It wasn’t pretty.

But then, slowly, things became less hard. When the lease was up on Michael’s apartment a few months later, we began the search for a new one. Looking at apartments made us a team again, and it allowed me to focus energy away from what was being lost and toward what we were gaining. I’d nearly forgotten that I had waited, pined, and suffered through six years of long distance dating, dreaming of the day that Michael and I would wake up together in a place we could call our own. So we found a garden-level one-bedroom within walking distance of the train station and a few weeks later I received an offer for a job in Manhattan that I could commute to.

Jumping In the Deep End | A Practical Wedding

As we all know by now, that living situation didn’t last long. But it was an important step in the direction of where we are now. I needed to know that I wasn’t giving up everything for marriage, that there was indeed a way to have it all, so that I could later make a conscious decision that having it all was never what I wanted.

Truthfully, I did lose some of myself when I moved in with Michael. And I still mourn a bit for the things that were lost (I miss being a ten minute train ride away from my girlfriends, being able to walk to the grocery store, or sitting in the park having lunch on a Tuesday). But moving in with Michael wasn’t all sacrifice. I became an adult with Michael. I learned how to stick up for what I need in a relationship. I gained the support of a partner who puts my needs on the same level as his own. And most importantly, I discovered what it means to be an individual in a partnership. Four years ago, I was afraid that moving in with Michael would change who I am. I thought that moving in together and getting married meant that suddenly I’d be saddled with a list of character traits I could never live up to. Now I’ve learned that just because circumstances change, it doesn’t mean I have to radically change as well. I also learned that it’s all right if I do change when I need to, even if it is for him, even if it is hard, because sometimes that’s just what you have to do when you say “Yes.”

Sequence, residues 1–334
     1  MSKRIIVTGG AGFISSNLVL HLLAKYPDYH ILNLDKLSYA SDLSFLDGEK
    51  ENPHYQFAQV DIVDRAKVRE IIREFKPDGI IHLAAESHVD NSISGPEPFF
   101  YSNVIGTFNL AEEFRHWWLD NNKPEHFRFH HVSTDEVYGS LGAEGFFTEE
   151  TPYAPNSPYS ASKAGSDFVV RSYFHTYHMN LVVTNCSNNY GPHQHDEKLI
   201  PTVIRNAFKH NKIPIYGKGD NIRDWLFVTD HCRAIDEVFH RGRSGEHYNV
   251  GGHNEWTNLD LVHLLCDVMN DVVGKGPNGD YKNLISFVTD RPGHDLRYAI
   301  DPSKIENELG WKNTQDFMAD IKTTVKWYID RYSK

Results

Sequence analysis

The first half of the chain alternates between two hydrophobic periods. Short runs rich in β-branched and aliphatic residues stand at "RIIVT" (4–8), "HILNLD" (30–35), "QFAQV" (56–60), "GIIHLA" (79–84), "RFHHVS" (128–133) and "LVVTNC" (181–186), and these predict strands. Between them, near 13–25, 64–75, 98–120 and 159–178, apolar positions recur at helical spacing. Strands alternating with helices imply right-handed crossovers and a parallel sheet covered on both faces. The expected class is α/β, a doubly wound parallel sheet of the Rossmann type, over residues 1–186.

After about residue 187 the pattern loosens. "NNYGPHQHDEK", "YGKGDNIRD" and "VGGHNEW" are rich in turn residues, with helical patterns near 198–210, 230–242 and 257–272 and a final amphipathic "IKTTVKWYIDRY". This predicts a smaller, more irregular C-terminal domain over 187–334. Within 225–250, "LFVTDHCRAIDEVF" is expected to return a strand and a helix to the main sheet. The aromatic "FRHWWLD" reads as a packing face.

So, maybe my worst fears came true. Moving was a huge step that I just wasn’t ready for.  But even if I was pushed into the deep end too soon, well, I learned to swim real quick. I didn’t drown. And if I was flailing my arms and treading water to start, well, at the very least I’ve learned to do this thing a little more gracefully now.

Photos of our old neighborhood, from my personal collection

Maddie Eisenhart

Maddie is the Managing Editor of A Practical Wedding. She’s been writing stories about boys and crushes since she was old enough to form shapes into words, but received her formal training (and a BS) in the art of talking from NYU in 2008. In her spare time, she takes pictures of people in love. Maddie lives on a pony farm in the Bay Area with her husband Michael, her Mastiff named Juno, and her roommate named Joe.

More in Marriage & More Recent Posts Staff Picks

[Read comment policy before commenting]

  • http://www.sarahhoppes.com Sarah

    Maddie, you’re so wise!